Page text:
Siemens Launches RFID Pilot to Track Surgical Sponges, Procedures

By Beth Bacheldor

The company's IT Solutions and Services division is working with Munich's Isar River University Hospital.

Siemens IT Solutions and Services, a division of Siemens, has teamed with a hospital in Munich, Germany, to test the use of active and passive RFID tags to track sponges, swabs and other items used during surgery, and to track the surgical process itself.

Klinikum Rechts der Isar (Isar River University Hospital) wants to test how well RFID technology can be used to ensure that sponges and swabs utilized during surgery aren't inadvertently left behind inside a patient's body. According to Siemens, the project will leverage passive 13.56 MHz RFID tags, which will be manually woven into the sponges for the purpose of the test.

Surgical sponges will be tracked by means of passive 13.56 MHz RFID.

The concept of tagging RFID sponges, while still mainly in experimental stages, isn't new. Since 2004, Pittsburgh-based startup ClearCount Medical Solutions has been developing a surgical sponge with an embedded passive RFID tag (see Surgical Sponges Get Smart). In November 2006, Medline Industries, an Illinois distributor of medical supplies, began marketing a system using passive 145 kHz tags to detect any surgical gauze, towels and sponges that might have been left behind in a human body after an operation (see Medline Markets RFID System for Surgical Sponges).

The Siemens and Klinikum Rechts der Isar project, however, may be the first such initiative to test RFID-tagged sponges that has been conducted by such a major computer company. Siemens IT Solutions and Services provides a range of IT solutions, including consulting, outsourcing and systems integration, to companies across numerous industries. It also provides IT services to other internal Siemens divisions, and serves as Siemens' research and development arm. Siemens is a global provider of electrical engineering, electronics and IT products and has approximately 475,000 employees. The company's sales in 2006 were reported at about $119 billion.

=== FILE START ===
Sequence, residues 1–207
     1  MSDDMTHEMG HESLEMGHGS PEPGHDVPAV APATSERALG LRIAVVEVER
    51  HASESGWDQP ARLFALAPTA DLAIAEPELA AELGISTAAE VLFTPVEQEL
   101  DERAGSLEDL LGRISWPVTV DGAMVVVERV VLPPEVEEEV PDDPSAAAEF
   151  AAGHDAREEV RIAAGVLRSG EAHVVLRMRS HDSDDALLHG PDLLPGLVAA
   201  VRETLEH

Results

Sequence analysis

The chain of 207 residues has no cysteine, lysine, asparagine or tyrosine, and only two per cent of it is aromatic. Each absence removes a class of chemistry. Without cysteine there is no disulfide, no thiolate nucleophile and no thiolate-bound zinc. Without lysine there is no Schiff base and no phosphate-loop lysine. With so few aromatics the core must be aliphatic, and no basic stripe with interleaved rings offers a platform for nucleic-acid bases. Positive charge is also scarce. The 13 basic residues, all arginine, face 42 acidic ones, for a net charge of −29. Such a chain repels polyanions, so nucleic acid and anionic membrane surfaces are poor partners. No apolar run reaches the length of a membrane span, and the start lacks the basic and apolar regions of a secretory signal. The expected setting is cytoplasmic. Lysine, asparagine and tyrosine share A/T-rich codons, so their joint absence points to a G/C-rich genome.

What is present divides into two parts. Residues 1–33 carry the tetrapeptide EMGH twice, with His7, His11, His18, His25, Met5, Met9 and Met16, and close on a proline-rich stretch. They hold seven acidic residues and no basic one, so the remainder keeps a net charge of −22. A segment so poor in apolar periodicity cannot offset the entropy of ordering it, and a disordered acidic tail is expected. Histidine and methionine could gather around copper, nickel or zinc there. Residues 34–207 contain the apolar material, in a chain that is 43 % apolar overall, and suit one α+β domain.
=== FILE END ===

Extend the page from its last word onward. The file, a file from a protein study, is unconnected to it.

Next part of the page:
Siemens IT Solutions and Services has also participated in other RFID projects. In February, emergency medical information service provider MedicAlert and California State University-Stanislaus (CSU) began a 12-week pilot testing whether RFID-enabled medical cards can provide a more efficient method of collecting and forwarding patients' health-related data at the point of medical service. The pilot is using RFID interrogators supplied by Siemens IT Solutions and Services (see MedicAlert Aims to RFID-Enable Medical Records). Siemens and Klinikum Rechts der Isar plan to install a stationary RFID reader in the operating room to scan the tags on sponges and swabs so they can be tracked from the moment of removal from storage, as they are used during the surgery and upon being discarded.

Additionally, Siemens is also working with the Munich hospital to track surgical staff during procedures. Before scrubbing down, each staff member will affix an ID card to his or her clothing containing an active RFID transponder that identifies the person's role (such as anesthesiologist). As nurses and doctors enter the operating room, a fixed reader will scan each card. At the end of the surgery, the staff will turn in their RFID-enabled cards, which will then be scanned again. In this manner, the RFID reader will document the start and stop times of procedures. During surgery, a reader will document each staffer’s position as well. Siemens and the hospital have yet to determine the operating frequency of the active tags, the company says.

Siemens is supplying both the tags and readers for the project. Testing of the hardware kicked off last month. The company is now working to improve the reading distance and define the specific medical processes that will be involved in the project. Both projects are expected to go live this summer, and are slated to last three years.